José Maria Neves was speaking in Lisbon during the session commemorating the 50th anniversary of April 25, 1974, which was attended by heads of state from the former Portuguese colonies.

“At the dawn of the 21st century, signs emerge that naturally arouse a lot of concern. There is a feeling that democracy is being eaten away, we are witnessing an effective retreat and strong threats”, he said.

For José Maria Neves, “globalization has led to the impoverishment and compression of the middle class, in developed countries, and to the increase in inequalities between and in different countries”.

“There has been, on the other hand, an increase in social and political polarization – consensus is increasingly difficult -, the weakening of institutions that are important instruments of intermediation between the State and society and prominent participants in the formation of public policies “, he said.

And he added that there is still “a manifest inability of governments to respond to the complexity of political ecology and the demands and requirements of citizens and civil society”.

“If in developed countries such a situation has enabled the spread of populism, nationalism, xenophobia, racism, rejection of immigrants, and fueled the crisis of political parties, the preaching of anti-politics and anti-liberalism, as well as denialist theses, the dissemination of ‘fake news’ and hate speech, in poor countries, where institutions are weaker, has resulted in constitutional ruptures and the assumption of power by the military”, he noted.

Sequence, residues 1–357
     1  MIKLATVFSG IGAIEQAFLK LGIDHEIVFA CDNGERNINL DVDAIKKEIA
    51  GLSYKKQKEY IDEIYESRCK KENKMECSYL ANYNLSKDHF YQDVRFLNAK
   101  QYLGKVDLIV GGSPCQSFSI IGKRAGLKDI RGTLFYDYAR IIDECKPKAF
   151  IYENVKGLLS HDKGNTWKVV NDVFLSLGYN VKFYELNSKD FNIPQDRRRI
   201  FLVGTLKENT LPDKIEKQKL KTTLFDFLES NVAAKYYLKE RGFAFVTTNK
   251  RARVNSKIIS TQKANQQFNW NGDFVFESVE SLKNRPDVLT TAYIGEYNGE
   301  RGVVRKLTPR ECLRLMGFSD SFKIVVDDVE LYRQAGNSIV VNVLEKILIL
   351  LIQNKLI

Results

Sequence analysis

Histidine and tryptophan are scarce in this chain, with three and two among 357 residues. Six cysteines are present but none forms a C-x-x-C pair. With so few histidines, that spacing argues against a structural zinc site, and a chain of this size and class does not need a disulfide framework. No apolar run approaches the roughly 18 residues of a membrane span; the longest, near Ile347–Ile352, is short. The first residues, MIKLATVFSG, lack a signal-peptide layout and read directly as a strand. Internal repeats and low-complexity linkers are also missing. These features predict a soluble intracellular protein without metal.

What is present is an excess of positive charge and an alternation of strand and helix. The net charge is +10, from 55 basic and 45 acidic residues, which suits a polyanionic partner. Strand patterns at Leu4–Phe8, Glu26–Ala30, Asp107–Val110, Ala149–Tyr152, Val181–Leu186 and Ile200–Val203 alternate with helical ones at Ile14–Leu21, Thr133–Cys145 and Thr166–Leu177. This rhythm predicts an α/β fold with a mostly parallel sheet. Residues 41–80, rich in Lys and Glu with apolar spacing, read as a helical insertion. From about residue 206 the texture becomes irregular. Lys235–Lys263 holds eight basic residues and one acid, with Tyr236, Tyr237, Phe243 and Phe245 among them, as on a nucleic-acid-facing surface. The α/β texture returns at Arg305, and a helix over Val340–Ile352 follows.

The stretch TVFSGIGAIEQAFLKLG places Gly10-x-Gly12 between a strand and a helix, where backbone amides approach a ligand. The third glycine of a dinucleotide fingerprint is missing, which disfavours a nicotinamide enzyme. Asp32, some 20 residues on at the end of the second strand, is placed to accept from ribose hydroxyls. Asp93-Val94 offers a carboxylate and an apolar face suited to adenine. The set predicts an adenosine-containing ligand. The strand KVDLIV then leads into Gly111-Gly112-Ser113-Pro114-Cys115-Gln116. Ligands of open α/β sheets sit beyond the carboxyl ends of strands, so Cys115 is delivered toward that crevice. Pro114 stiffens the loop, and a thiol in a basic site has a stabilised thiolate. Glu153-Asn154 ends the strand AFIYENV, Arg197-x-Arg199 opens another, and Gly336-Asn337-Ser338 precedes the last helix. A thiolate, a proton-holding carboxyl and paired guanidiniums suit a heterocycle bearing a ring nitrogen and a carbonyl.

For the head of state and former Cape Verdean prime minister, “a certain disenchantment and degeneration of traditional political parties, politics and politicians is noticeable”.

“Voters are increasingly skeptical about the health of their democracies and question whether their governments were elected in a transparent way,” he continued.

For José Maria Neves, “with the carnation revolution, a new era was inaugurated, very much in line with Amílcar Cabral’s dream, whose centenary [do nascimento] is celebrated this year.”

“Once independence was achieved, the most solid and special relations of friendship and cooperation should be built between these new countries and democratic Portugal. Fortunately, the clock of history has moved forward and a new era has opened, with mutual will, unfortunately not very common in these times, of continuous strengthening of relationships”.

“Half a century after this fantastic historical event, we all have reasons for pride and comfort. A regime that oppressed us all fell and new sovereign states were born,” he said.

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